6mm Lunar/Planetary Eyepiece Comparison – by Bill Paolini

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And if you can’t catch DA14, here’s what you do:

Wow! That’s one speedy asteroid!

You can see it through your computer at
NASA’s JPL Streaming:
http://www.nasa.gov/topics/solarsystem/features/asteroidflyby.html

It’s passing by Australia now! —on its path to the Northern Hemisphere.

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Tides – the origins

It started off with mum and I watching the floods brought by Sandy on CNN and mum asked what’s the cause for waves. Well wind caused Sandy’s waves. But, Daily tides, high and low, are caused by the moon.

The accepted theory is the moon exerts a force of gravity on earth as the moon rotates earth (both the moon and earth rotate counter clockwise, but earth’s rotation is much faster). The parts of earth passed by the moon are pulled towards the moon, and when water is pulled, tides are formed! Yayy! Sounds easy right.

But, there comes this picture

– with the theory that the moon pulls the side closest to it the most, pulls the middle of the Earth with a medium force and the side furthest away with the least force. So the bulge of water on the left of the pic is pulled the least, appearing as a bulge as Earth is moved towards the right.

The sun comes into the picture as well, also exerting a pull on water. But, the moon’s pull beats the sun. Though the suns is massive, it’s too far away (F=GMm/r2, Newton’s Law of Gravitation) And if the moon and sun are on opposite directions to Earth, high tides become lower.

But then again, if the moon pulls pulls parts of Earth with different distances from it with different forces, each part would have a different acceleration. F=ma. The parts closest to the moon would accelerate the most (in the pic above, it would be the right end of Earth) and the opposite end (the left), the least. And so, with one end gaining acceleration compared to the other, Earth would be stretched and eventually pulled apart.

So, there has to be a restraining force. Earth’s gravity and its tension? Or a centrifugal force? Now what about a centripetal force?

If you want to end up confused (like myself), I suggest you read:
1. Tides and Centrifugal Forces by Paolo Sirtoli. Lots of physics explained here – with equations.
2. Tidal Forces and the Effects on the Solar System by Richard McDonald. Simpler physics and much easier to understand.
3. Tidal misconceptions by Donald. E Simanek. This is the most comprehensive to me, though let me warn you its quite long.

And then there’s the belief that tides don’t form on the equator. But I’ve seen it for myself, they do form! In fact, they’re semidiurnal tides (two equal high tides and low tides in a day). One high tide on each of the pair of “bulges” created. Check out ocean motion. to find out about types of tides at different latitudes on Earth.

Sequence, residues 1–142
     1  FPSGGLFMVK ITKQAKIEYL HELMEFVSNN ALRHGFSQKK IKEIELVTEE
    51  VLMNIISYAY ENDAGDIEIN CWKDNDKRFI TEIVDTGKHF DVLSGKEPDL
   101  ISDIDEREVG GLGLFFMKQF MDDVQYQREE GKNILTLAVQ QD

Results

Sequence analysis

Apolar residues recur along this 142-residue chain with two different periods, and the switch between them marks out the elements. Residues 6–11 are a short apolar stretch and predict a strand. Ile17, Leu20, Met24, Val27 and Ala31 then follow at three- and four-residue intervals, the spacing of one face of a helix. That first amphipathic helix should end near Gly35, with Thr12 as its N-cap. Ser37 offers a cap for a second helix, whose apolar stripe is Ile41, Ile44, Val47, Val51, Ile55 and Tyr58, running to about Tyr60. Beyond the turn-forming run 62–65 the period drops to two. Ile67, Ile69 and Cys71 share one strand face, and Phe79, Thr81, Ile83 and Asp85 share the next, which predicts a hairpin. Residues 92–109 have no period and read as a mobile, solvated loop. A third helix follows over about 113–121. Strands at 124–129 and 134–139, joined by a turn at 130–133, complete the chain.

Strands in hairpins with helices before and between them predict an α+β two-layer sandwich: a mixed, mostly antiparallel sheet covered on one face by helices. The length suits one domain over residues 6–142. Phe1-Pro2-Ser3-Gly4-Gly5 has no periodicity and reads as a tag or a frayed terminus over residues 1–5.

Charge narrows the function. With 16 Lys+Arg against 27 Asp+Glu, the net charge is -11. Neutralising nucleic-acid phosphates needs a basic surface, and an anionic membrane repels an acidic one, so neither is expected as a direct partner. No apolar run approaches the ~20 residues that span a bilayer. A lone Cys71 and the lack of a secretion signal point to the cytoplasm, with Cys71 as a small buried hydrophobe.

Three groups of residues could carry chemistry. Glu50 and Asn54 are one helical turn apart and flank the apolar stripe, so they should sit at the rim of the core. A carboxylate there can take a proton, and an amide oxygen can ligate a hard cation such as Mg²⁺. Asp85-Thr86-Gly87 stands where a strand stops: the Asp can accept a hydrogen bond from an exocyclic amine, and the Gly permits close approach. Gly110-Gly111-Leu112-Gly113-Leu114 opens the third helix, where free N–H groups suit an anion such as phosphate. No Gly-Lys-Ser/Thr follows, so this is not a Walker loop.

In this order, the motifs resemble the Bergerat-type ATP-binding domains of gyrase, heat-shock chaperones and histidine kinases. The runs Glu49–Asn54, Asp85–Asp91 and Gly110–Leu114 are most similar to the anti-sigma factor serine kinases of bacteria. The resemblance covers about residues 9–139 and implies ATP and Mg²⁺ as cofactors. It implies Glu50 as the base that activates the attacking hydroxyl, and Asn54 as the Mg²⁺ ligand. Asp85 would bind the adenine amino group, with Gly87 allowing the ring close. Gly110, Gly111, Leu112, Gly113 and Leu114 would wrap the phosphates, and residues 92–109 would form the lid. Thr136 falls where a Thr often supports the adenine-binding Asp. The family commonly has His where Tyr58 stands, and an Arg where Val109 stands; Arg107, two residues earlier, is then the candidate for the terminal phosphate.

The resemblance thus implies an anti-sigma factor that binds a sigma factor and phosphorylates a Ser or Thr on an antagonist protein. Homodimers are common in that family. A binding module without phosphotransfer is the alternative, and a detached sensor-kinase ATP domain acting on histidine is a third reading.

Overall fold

I’ll keep you updated on tides once I piece everything together (and find some missing links, like I’m sure the moon’s orbit around Earth at at about a 5 degree angle to Earth’s ecliptic would have an effect as well). Let me know if you’ve got any ideas of your own!

And mum has two questions of her own:
1. Why isn’t paper pulled towards the moon when its so light.
To me, it is, but the effect is so small that you’ll never realize it.
2. Why do you get the highest tides on the full moon. This, I don’t know. So let me know if you do pleaseee.

ps. Here’s some videos on movements of the moon and of Earth.

Some cool stuff here!

Categories: Misc, Physics, Solar System, Uncategorized | Tags: , , , , , , , , | 1 Comment

Star Party Time!

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Was looking through some old pics and I stumbled upon this bunch.

Our stargazing night to catch Saturn! Sometime around mid this year I believe. And we had late night park-walkers joining in! The clouds were coming in and we were keeping our fingers crossed. And we were lucky to catch Saturn in time! It was the first sight of the beautiful planet – its rings and the Cassini Division – for many of us, including myself! And when the clouds rolled in, we packed up and headed off for some seriously unhealthy but the sweetest supper: “Roti Tissue”, paper thin pancakes cooked with a layer of condensed milk. Sounds good right.

One mystery though…Some of them said Saturn looked white, but to me, it was orange….

How’s Saturn like to you?

Categories: Amateur Astronomy, Misc, Observation Sites, Solar System, Uncategorized | Tags: , , , , , , , , , | 1 Comment

A Realisation

I just deduced that I live spot on on our equatorial line!

The Solar System

Image taken from Berkeley Edu / Nasa Science News

How did I find out about this?

This is what I see when I take my telescope out to the balcony to stargaze.

September – November 2011: Jupiter lies vertical to where I’m standing.

January – March 2012: Mars rises from the horizon and eventually rises to be vertical to my star gazing spot mostly.

Mid March 2012:  Saturn rises vertically above me too!

So, Earth and all these planets orbit the Sun in their respective elliptical orbits arranged in concentric layers.  And if these planets rise to be vertically above me, my home, my body, my telescope are pointed straight at those planets.  That means, we are all aligned in a straight line.

How awesome is that! Plus by observing the night sky straight up (vertically), I get the clearest view of the planets as the atmospheric layers  would be thinnest and hence, light entering my telescope would be less scattered. Yay!

What about you? Do you live right on the equatorial line too?

ps. This is a hypothesis created by me. It may be wrong. If it is, let me know.

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Welcome!

Here’s to my new blog! Astronomy at the Equator!

Don’t forget to visit the forum too at http://equatorastronomy.freeforums.org/